Hey there, time traveller!
This article was published 21/11/2013 (1112 days ago), so information in it may no longer be current.
ALTONA -- Mayor Melvin Klassen has never had to admit he "was wasted" to explain his council vote, and brother Ted has never threatened the Altona police chief for investigating his brother's after-hours partying.
The Klassens are brothers on a municipal council, but comparisons to the Ford brothers in Toronto, Mayor Rob Ford and Coun. Doug, end there.
"I often know what he'll say before he says it," confides the younger Ted. But that's about as colourful as it gets.
The brother act is believed to be the only one in Manitoba politics currently. Ted has been a councillor for 19 years. Melvin has been on council 15 years, 11 as mayor.
But just because they're brothers doesn't mean they lean the same way politically.
Melvin is a card-carrying Conservative, influenced by John Diefenbaker, while Ted carries the Liberal banner, influenced by Pierre Trudeau.
Ted has run as "a sacrificial lamb" both federally and provincially for the party in southern Manitoba, where Liberals have a better chance of winning the Lotto 649.
"Mennonites used to vote Liberal," Ted explained. For example, W.C. Miller, after whom the collegiate is named, was education minister in the Douglas Campbell Liberal government. But that was in the 1950s.
Also, Melvin belongs to a local Mennonite church, while Ted is affiliated with the Altona United Church. The latter was created in the 1940s after men returning from the Second World War received a cool reception from the pacifist Mennonite church. Ted's affiliation is through marriage, however. The two churches buried the hatchet long ago and now even hold some services together.
Ted, 66, could be forgiven for thinking Melvin, 72, is engaged in some kind of "anything you can do, I can do better" sibling rivalry. When Ted was hired as a teacher at W.C. Miller Collegiate, Melvin soon followed him there, but as principal. When Ted was elected to Altona council, Melvin followed shortly after but -- as if to do him one better -- ran for mayor.
(Melvin is quick to point out rural municipal mayors don't have nearly as much power over council as Winnipeg Mayor Sam Katz. For example, Katz appoints the executive policy committee, whose members tend to vote with the mayor if they want to keep their posts.)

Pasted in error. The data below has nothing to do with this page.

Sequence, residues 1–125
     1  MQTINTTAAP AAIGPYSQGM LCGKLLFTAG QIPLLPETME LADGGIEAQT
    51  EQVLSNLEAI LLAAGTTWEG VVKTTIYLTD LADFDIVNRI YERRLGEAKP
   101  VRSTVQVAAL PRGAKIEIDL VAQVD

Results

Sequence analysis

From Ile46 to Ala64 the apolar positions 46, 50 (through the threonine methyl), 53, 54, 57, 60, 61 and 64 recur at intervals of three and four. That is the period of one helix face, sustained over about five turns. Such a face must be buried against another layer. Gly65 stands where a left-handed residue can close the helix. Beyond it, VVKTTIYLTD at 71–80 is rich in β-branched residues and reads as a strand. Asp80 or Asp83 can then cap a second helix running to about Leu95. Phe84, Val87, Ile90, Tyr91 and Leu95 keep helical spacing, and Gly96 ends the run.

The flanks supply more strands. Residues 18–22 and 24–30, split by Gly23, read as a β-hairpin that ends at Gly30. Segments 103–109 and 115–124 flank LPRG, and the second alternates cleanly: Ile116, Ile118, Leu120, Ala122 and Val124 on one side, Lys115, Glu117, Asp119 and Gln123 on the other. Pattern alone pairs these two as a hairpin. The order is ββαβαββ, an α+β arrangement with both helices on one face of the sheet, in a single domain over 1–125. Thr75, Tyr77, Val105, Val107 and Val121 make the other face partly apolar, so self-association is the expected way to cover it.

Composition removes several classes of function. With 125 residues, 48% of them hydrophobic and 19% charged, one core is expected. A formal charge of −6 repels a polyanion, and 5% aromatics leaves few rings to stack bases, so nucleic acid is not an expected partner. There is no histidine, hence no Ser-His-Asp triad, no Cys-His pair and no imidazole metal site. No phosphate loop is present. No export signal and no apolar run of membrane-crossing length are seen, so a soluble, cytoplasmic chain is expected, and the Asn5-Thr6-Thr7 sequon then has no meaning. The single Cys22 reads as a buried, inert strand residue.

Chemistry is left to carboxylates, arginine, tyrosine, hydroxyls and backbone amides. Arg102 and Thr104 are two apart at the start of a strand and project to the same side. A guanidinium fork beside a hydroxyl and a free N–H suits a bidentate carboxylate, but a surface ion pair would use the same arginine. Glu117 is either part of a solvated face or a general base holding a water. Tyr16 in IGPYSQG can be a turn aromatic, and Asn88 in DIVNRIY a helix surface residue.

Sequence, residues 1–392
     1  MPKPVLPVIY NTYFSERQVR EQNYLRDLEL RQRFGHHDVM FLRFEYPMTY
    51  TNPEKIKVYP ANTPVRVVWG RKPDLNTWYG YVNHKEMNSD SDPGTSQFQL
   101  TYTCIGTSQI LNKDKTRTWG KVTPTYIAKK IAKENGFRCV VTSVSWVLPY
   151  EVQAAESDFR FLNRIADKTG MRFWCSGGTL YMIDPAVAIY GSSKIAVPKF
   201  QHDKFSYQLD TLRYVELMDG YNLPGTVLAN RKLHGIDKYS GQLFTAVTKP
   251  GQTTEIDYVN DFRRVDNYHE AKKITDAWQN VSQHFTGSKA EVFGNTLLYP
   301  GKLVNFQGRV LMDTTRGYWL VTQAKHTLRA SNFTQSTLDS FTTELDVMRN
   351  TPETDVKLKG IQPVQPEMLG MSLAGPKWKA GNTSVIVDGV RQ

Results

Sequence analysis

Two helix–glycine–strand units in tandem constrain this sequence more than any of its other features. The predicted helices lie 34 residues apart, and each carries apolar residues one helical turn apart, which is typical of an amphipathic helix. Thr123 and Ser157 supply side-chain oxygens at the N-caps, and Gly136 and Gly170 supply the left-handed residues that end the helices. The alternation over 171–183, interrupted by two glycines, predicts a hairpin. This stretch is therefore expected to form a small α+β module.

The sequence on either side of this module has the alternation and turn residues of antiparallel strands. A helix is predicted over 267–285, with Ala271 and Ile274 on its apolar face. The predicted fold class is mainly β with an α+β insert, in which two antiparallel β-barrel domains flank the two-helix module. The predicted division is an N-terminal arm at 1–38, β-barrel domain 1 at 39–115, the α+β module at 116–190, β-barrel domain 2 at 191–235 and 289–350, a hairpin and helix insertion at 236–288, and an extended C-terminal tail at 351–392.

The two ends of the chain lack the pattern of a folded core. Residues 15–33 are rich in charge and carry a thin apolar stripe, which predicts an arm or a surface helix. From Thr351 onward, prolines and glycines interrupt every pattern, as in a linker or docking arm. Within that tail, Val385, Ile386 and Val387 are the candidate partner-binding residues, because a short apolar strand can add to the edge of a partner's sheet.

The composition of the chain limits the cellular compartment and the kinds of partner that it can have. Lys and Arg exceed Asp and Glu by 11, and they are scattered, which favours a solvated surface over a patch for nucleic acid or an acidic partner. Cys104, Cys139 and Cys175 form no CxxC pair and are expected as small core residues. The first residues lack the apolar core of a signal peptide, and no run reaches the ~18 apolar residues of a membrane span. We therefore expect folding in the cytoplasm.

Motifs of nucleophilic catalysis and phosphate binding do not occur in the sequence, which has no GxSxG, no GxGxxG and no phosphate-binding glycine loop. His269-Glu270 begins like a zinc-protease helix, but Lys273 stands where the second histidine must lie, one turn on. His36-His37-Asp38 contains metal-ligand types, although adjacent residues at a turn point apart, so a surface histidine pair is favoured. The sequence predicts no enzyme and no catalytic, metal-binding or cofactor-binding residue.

There have been calls in Toronto for a bylaw to prevent immediate family members from serving on council at the same time. The Klassens haven't prompted the same reaction in Altona. There was some initial voter apprehension that the brothers had an agenda. "I would tell people, 'Then vote for Ted,' because he was first," said Melvin. They are still only two council votes out of seven.
Their father, David, was a school trustee for two decades and instilled a love of politics in his five children. It made for many debates around the kitchen table. "Mom always said not to argue so much. She was trying to placate everyone," Melvin said.
But it also taught them to respect other people's opinions. There has never been a time when the brothers weren't on speaking terms over some disagreement in council. In fact, council has served as a good way for the brothers to keep in touch.
Melvin says he sees a councillor when they're at the council meeting, not his brother.
As for the Ford brothers in Toronto, the Altona brothers roll their eyes. Mayor Rob Ford's behaviour leaves him too susceptible to extortion and he must step down, said Ted.
Altona's brother act is coming to an end soon, however. Ted says he won't run in next year's municipal election. "It's time to get younger people involved." Melvin still hasn't decided. Accomplishments they're proud of include a new library, a new rec centre, the Buffalo Nature Park, Gallery in the Park and a trail system throughout the town.